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*To*: [email protected]*Subject*: Re: Silly Shrinkwrapped Encryption*From*: Eric Cordian <[email protected]>*Date*: Tue, 6 Jan 1998 13:49:25 -0600 (CST)*In-Reply-To*: <[email protected]> from "Eric Cordian" at Jan 6, 98 01:30:00 pm*Sender*: [email protected]

To follow up my prior message... I managed to find a document entitled "Security in Lotus Notes and the Internet" on the Web. It describes the weakening procedure as follows. "No matter which version of Notes you are using, encryption uses the full 64-bit key size. However, the International edition takes 24 bits of the key and encrypts it using an RSA public key for which the US National Security Agency holds the matching private key. This encrypted portion of the key is then sent with each message as an additional field, the workfactor reduction field. The net result of this is that an illegitimate hacker has to tackle 64-bit encryption, which is at or beyond the practical limit for current decryption technology and hardware. The US government, on the other hand, only has to break a 40-bit key space, which is much easier (2 to the power of 24 times easier, to be precise)." Would anyone care to extract the modulus and exponent for the NSA's Lotus Notes helper key and post it to this newsgroup? -- Eric Michael Cordian 0+ O:.T:.O:. Mathematical Munitions Division "Do What Thou Wilt Shall Be The Whole Of The Law"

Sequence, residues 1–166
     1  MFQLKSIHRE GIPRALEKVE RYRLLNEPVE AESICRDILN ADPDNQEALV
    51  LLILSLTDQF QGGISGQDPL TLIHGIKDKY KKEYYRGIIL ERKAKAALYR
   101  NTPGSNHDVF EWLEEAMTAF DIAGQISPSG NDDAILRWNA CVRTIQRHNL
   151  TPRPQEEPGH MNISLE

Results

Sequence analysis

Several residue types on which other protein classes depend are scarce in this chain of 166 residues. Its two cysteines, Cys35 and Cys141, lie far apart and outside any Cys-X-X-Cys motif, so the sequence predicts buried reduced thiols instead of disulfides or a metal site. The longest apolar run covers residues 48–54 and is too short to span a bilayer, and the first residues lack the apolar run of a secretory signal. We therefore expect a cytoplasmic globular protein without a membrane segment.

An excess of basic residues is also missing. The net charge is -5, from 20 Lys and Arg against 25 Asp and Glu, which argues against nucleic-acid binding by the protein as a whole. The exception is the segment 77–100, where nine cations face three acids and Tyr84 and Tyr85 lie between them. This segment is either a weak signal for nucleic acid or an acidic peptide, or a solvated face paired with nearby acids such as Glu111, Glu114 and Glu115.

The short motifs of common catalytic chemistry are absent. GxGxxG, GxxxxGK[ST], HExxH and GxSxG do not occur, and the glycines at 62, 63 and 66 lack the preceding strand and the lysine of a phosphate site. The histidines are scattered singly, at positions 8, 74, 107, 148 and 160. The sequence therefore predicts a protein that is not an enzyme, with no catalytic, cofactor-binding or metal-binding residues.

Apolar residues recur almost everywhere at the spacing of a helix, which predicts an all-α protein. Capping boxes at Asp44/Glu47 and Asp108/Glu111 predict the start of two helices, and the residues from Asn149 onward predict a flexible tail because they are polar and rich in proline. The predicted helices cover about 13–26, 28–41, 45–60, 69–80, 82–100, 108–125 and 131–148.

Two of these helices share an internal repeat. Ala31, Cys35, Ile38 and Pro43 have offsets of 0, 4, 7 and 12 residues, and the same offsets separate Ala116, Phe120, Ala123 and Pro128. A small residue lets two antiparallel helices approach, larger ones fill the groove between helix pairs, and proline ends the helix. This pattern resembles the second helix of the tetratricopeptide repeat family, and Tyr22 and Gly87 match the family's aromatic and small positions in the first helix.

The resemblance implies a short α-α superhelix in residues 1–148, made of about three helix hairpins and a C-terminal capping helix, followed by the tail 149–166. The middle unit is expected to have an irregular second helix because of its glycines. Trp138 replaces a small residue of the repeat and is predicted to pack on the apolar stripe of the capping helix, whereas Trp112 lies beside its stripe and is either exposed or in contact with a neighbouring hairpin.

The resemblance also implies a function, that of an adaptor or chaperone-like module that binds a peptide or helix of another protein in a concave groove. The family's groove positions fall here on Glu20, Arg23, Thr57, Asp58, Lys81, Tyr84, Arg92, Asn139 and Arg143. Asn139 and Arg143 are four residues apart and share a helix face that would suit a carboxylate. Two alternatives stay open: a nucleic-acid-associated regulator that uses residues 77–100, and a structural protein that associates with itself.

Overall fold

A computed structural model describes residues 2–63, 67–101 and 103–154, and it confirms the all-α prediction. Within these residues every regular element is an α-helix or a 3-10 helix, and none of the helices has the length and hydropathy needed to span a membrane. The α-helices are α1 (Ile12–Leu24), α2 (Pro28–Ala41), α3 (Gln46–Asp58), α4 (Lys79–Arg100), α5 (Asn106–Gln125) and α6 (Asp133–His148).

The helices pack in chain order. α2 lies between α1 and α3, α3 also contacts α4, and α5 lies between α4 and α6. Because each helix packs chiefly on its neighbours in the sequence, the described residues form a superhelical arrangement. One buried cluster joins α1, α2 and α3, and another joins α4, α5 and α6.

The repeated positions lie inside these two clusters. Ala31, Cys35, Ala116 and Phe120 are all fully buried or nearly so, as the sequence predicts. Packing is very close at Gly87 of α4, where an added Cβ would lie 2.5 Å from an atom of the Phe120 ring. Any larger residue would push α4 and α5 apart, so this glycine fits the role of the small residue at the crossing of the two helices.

**Follow-Ups**:**Re: Silly Shrinkwrapped Encryption***From:*Bill Frantz <[email protected]>

**References**:**Silly Shrinkwrapped Encryption***From:*Eric Cordian <[email protected]>

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